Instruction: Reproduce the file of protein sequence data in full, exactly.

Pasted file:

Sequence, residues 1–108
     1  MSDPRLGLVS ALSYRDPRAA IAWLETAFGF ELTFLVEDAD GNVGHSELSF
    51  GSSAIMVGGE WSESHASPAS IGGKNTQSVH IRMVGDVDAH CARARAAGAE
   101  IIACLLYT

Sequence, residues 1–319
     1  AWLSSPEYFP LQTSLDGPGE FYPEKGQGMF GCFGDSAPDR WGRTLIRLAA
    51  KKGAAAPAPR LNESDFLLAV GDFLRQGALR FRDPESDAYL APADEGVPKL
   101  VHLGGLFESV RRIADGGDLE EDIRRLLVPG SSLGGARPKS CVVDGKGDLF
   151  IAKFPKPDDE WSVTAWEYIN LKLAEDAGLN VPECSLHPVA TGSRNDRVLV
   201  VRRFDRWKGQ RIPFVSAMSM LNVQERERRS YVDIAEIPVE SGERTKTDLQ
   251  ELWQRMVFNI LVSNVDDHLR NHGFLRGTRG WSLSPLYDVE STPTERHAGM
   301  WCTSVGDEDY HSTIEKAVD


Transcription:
Sequence, residues 1–108
     1  MSDPRLGLVS ALSYRDPRAA IAWLETAFGF ELTFLVEDAD GNVGHSELSF
    51  GSSAIMVGGE WSESHASPAS IGGKNTQSVH IRMVGDVDAH CARARAAGAE
   101  IIACLLYT

Sequence, residues 1–319
     1  AWLSSPEYFP LQTSLDGPGE FYPEKGQGMF GCFGDSAPDR WGRTLIRLAA
    51  KKGAAAPAPR LNESDFLLAV GDFLRQGALR FRDPESDAYL APADEGVPKL
   101  VHLGGLFESV RRIADGGDLE EDIRRLLVPG SSLGGARPKS CVVDGKGDLF
   151  IAKFPKPDDE WSVTAWEYIN LKLAEDAGLN VPECSLHPVA TGSRNDRVLV
   201  VRRFDRWKGQ RIPFVSAMSM LNVQERERRS YVDIAEIPVE SGERTKTDLQ
   251  ELWQRMVFNI LVSNVDDHLR NHGFLRGTRG WSLSPLYDVE STPTERHAGM
   301  WCTSVGDEDY HSTIEKAVD